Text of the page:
Fresh approach taken to mourning by Chinese netizens

Social media platforms such as Sina Weibo and Douban have group chats for netizens to post about their loss and show respect for loved ones online.



April 11, 2022

BEIJING – “A drizzling rain falls like tears on the Mourning Day;

The mourner’s heart is going to break on his way.”

These lines are from the The Mourning Day written by the poet Du Mu (803-852) and translated by Xu Yuanchong, who died in Beijing in June at the age of 100.

If I have time, I still visit my grandparents’ tombs on the anniversaries of their deaths … However, Qingming Festival is more like a time for me to understand or learn about death.

Yuan Long, resident of Tianshui city, Gansu province

Composed during the Tang Dynasty (618-907), this is one of the best-known poems about Qingming Festival, or Tomb Sweeping Day, an important occasion in China when tributes are paid to ancestors.

According to tradition, at this time of year people remember the deceased and worship their ancestors by visiting tombs, where they burn incense and paper money.

They usually choose a day during the week in which the festival is marked to conduct their memorials.

This year, Qingming fell on Tuesday, when Beijing resident Dong Runxian, 63, woke early in the morning and placed a yoga mat on her living room floor.

She knelt on the mat and bowed three times slowly in memory of her father, who died in 2009, and her husband, who predeceased her father.

“I like to visit their tombs in my hometown, but if this is not possible, I still pay tribute to them from my home,” she said. “As many people say, ‘As long as we don’t forget them, they are still with us’.”

The remains of Dong’s father, who was 86, are buried in a suburb of Taiyuan, capital of Shanxi province. In the past, tearful family members visited his tomb during Qingming Festival, burning incense and paper money.

The tomb of Dong’s husband is in a cemetery in an urban area. Dong has not been back to the cemetery for two years, but her daughter, Ling Baobao, 36, returned there once during this time to clean her father’s headstone and pay tribute to him.

Ling said: “When I went back, I didn’t burn paper money. I remember vividly that when my father died there were many rituals. I was a teenager, so many family members such as my uncles and cousins came to help with the complicated proceedings. I just knelt down for a long time and watched the burning ashes falling from the sky against a framed photo of my dad in the distance.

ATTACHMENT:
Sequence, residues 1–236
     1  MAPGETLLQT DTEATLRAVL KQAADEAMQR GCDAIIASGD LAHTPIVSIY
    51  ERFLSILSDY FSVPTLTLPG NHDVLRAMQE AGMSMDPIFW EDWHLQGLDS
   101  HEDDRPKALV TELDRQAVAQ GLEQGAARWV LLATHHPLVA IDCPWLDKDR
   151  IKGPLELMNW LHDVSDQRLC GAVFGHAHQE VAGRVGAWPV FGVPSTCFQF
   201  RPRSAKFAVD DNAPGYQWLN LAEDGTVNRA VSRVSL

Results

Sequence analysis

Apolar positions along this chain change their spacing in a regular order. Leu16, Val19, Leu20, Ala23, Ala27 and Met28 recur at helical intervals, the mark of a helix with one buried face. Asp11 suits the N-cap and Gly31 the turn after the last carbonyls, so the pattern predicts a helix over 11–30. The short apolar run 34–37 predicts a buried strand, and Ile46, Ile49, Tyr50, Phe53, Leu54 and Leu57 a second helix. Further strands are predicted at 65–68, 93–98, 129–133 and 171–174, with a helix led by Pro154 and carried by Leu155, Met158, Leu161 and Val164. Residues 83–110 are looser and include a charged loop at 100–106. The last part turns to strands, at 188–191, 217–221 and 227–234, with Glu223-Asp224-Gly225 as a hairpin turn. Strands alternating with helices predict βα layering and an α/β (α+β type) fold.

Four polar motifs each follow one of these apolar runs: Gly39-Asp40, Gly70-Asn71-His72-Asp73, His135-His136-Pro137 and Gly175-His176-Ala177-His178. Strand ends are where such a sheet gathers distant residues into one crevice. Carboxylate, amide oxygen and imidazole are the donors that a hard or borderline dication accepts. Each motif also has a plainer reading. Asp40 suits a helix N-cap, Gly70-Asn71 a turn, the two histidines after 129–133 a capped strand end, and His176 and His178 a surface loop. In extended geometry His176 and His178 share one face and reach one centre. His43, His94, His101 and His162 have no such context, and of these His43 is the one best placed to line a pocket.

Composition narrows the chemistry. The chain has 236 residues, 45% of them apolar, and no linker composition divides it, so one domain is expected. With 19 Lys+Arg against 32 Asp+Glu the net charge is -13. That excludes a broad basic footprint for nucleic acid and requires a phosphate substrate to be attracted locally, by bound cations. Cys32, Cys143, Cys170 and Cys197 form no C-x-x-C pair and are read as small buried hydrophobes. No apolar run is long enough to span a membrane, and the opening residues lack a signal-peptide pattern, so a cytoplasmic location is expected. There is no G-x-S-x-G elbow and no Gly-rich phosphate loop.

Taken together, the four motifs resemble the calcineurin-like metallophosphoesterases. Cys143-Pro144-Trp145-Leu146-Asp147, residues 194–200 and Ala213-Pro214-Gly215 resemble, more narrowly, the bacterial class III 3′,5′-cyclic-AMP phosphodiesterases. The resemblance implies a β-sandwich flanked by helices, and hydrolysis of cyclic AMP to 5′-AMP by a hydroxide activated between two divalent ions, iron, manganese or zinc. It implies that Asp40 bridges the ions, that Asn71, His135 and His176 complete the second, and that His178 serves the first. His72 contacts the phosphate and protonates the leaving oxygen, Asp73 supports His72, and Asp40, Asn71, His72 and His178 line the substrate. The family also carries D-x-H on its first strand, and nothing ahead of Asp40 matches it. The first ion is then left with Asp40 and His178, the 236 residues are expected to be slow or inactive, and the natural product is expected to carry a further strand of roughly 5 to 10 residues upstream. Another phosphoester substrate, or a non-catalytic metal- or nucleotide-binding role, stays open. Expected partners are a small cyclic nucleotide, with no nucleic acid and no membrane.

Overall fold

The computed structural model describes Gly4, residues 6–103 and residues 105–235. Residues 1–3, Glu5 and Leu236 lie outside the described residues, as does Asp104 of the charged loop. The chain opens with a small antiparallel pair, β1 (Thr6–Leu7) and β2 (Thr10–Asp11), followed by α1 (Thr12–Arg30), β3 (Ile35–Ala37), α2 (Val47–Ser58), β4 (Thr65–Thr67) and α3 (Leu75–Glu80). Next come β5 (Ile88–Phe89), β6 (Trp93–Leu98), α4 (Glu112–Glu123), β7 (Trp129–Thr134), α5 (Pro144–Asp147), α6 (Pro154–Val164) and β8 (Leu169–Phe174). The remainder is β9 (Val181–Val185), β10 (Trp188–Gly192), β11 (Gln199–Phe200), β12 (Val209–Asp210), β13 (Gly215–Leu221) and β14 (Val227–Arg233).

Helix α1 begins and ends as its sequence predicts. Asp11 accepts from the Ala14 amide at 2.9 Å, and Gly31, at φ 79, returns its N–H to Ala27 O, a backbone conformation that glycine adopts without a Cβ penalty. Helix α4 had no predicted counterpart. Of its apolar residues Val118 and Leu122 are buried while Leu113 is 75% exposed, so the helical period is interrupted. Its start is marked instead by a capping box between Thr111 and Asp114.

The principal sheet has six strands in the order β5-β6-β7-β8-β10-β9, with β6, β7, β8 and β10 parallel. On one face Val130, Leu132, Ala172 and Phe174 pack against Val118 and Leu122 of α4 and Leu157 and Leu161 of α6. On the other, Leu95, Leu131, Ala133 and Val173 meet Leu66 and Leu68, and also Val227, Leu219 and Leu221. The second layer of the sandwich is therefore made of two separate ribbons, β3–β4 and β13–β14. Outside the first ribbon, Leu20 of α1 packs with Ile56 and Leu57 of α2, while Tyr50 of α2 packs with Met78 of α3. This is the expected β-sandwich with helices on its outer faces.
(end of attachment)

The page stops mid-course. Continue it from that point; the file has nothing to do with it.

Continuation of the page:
“It was very noisy and many people were crying. I didn’t know why they seemed to be even sadder than I was. I just wanted to stay with my father’s body for a little longer to quietly recall our precious and forever-lost memories,” Ling said.

“Many years later, I started to bring to the tomb flowers and a bottle of the liquor that my dad used to like, spending some time peacefully there.”

Due to the COVID-19 pandemic or her busy work schedule, Ling has not returned to her hometown of Taiyuan during Qingming in recent years. She has written about her father-sometimes in the form of a letter to him-at this special time as part of her own “ritual”.

“When I write about him, feeling the deep sorrow of loss while gaining the strength to live more energetically through his love, I believe it’s a good way to keep his spirit with me, just as if he was still alive,” Ling said.

She is not the only one writing to pay tribute to the dead. Social media platforms such as Sina Weibo and Douban have group chats for netizens to post about their loss and show respect for loved ones online. In turn, they receive numerous replies from other netizens, who offer comfort and support.

A Douban user surnamed Lin lost her younger brother last year, when she was unable to be with him. Since his death, she has written on Douban from time to time, including letters to her brother.

The comments she posted include: “My dear brother, the summer has come. The lotus flowers are growing in the pond. I want to send you this song that you love most to let you know that I miss you every day.”

Many netizens reposted or replied to her posts, which comforted Lin.

Countless users such as Lin are turning to social media to express their sorrow for the deceased. Unlike in real life, where people seldom talk about death, they share their feelings freely.

Online memorials

Several years ago, websites emerged for mourners, providing a virtual space for them to conduct ceremonies online, rather than visiting tombs.

This form of mourning triggered hot debate, with some people feeling that paying tribute to the dead online is less respectful and sincere. Such attitudes prevented acceptance of this new approach to grieving.

But for the past two years, with many places in China fighting the pandemic and people significantly reducing cross-city trips, this new method of paying respects has become more popular.